Hospitality sector 'set for job losses on massive scale'
HOSPITALITY chiefs claim the Executive's decision to allow hotels in the north to take advance bookings "at risk" from June 8 but with no definitive dates is "causing confusion - and could lead to job losses on a massive scale".
And they've warned: “We simply cannot remain closed beyond the end of July. It's basic economics: no money in means no money to pay wages.”
Dependent on approval at an Executive meeting next Thursday, Northern Ireland will move into some parts of step two of its Pathway to Recovery from the following Monday.
It will see the reopening of some non-essential stores and retail outlets accessed directly from the street or via retail parks.
These include household, electrical, computer, phones and furniture retailers, alongside businesses involved with car/vehicle/agricultural/machinery sales.
But while hotels, B&B, self-catering and caravan parks can start accepting reservations, there is still no indicative date as to when the bookings can be fulfilled.
“The Executive clearly recognises that hospitality has been hardest hit, but the anticipated announcement that businesses must pay 20 per cent of the furlough cost, compounded by this lack of dates on bookings, leaves the sector with no option but to start redundancy processes," Hospitality Ulster chief executive Colin Neill warned.
“Hospitality businesses simply have no money to pay staff when the furlough is reduced, and have borrowed heavily just to last this long. We cannot remain closed beyond the end of July.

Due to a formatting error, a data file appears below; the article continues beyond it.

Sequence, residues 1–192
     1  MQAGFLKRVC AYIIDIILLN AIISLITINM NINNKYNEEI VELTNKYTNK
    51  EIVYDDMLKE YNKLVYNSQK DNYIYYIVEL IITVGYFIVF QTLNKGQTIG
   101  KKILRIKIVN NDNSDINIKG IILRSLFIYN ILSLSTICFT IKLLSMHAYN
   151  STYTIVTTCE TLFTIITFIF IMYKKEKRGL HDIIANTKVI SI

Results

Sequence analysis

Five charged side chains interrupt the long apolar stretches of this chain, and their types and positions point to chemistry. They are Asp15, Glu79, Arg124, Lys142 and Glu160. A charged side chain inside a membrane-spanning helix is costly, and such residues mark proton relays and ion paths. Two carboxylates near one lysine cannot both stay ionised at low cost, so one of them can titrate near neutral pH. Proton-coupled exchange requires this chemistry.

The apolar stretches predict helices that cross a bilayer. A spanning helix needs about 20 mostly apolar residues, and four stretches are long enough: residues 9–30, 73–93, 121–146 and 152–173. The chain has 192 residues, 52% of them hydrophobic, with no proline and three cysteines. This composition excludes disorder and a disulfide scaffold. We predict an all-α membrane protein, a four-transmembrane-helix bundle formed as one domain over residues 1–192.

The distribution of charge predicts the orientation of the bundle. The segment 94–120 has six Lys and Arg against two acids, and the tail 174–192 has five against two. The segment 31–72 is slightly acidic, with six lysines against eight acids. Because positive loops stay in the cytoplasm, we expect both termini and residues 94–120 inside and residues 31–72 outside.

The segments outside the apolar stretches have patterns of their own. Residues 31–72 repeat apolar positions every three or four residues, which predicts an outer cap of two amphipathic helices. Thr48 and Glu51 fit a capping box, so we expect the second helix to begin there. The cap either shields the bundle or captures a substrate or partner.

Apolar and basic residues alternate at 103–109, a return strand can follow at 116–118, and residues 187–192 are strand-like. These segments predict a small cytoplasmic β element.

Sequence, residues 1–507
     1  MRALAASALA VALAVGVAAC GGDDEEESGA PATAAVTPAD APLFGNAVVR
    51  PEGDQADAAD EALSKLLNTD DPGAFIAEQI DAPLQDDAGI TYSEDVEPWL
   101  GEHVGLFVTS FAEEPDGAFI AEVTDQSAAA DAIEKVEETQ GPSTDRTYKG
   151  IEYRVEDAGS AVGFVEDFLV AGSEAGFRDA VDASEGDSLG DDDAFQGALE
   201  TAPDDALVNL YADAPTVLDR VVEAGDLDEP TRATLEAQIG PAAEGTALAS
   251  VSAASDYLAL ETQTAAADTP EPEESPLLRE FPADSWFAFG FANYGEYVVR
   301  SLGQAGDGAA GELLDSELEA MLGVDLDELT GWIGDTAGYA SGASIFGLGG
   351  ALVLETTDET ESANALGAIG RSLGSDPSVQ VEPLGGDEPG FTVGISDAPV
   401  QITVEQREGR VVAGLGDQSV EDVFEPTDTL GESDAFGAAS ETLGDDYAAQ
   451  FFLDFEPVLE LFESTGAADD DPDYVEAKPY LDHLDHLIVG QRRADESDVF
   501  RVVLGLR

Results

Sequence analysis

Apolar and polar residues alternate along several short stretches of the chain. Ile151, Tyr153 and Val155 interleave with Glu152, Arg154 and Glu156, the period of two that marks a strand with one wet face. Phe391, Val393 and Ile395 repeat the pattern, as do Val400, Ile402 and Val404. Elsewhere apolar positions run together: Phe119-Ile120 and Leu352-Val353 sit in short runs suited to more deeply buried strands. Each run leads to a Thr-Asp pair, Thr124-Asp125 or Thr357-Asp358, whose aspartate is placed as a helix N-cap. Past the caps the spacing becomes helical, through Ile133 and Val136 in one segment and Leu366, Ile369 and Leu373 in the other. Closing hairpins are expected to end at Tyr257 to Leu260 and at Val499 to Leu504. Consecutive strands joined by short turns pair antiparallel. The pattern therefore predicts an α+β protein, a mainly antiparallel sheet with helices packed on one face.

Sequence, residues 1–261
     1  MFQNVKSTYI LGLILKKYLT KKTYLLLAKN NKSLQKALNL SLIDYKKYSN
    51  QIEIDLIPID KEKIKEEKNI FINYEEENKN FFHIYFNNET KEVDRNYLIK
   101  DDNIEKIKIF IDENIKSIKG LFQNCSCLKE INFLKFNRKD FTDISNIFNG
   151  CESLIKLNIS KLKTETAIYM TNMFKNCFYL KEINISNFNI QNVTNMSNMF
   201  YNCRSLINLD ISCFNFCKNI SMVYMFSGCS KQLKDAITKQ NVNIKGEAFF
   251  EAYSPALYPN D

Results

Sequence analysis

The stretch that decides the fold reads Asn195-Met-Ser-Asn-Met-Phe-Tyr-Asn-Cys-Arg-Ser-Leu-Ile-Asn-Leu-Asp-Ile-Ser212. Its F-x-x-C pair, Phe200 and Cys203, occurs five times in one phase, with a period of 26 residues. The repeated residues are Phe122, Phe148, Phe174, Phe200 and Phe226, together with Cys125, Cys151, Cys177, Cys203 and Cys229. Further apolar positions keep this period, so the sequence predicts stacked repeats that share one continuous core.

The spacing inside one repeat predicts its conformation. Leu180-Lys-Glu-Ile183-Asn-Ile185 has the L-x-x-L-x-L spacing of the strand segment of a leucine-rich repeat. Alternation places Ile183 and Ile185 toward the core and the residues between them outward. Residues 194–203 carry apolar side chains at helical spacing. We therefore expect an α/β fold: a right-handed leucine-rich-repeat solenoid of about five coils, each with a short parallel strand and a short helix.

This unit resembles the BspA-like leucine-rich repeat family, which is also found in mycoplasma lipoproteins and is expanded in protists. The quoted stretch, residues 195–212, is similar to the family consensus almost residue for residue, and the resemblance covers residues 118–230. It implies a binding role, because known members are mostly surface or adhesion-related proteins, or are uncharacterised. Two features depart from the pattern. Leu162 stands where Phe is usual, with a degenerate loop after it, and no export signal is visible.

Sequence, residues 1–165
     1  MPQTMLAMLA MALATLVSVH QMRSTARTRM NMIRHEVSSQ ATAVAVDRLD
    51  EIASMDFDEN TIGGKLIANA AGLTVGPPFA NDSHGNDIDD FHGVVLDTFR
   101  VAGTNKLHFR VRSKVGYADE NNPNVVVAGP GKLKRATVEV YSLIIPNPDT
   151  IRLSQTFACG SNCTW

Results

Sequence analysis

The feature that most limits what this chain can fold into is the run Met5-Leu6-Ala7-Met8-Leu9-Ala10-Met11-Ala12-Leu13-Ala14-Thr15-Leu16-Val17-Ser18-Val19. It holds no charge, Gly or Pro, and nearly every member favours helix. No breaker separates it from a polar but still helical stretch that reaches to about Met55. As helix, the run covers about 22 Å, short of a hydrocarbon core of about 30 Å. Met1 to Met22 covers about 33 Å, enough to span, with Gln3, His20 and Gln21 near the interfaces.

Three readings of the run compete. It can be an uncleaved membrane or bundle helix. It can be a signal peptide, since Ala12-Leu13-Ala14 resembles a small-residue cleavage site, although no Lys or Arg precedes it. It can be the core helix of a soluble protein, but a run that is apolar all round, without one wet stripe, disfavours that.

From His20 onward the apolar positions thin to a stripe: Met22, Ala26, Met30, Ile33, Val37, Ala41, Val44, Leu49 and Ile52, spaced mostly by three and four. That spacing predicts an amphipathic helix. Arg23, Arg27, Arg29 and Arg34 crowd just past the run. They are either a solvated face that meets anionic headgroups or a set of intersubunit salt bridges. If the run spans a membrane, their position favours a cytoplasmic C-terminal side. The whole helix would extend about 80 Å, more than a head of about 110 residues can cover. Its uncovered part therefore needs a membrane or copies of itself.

“We now expect to see tens of thousands of redundancy notices to be issued in the coming weeks- a situation we are desperate to avoid. Furloughing only preserves jobs.They are only saved when we reopen."
He added: “We appeal to ministers to please give us a date to reopen and work with us to agree the safety procedures. It would be unforgivable to see job losses on a massive scale, and a waste of all the support we have been given to date.”
Northern Ireland Hotels Federation chief executive Janice Gault said: "Taking a hotel booking on an 'on spec' basis without any agreed pathway is far from ideal and makes it difficult to plan, budget and set guidelines. It simply adds to the confusion."
Retail bosses have welcomed the steps towards a wider reopening, but insisted the longer shops remain closed, the harder it will be for them to return.
Industry chiefs have also written to ministers urging them to establish a High Street and Retail Advisory group to ensure the Executive can move forward with a reopening roadmap which is fully in line with medical advice.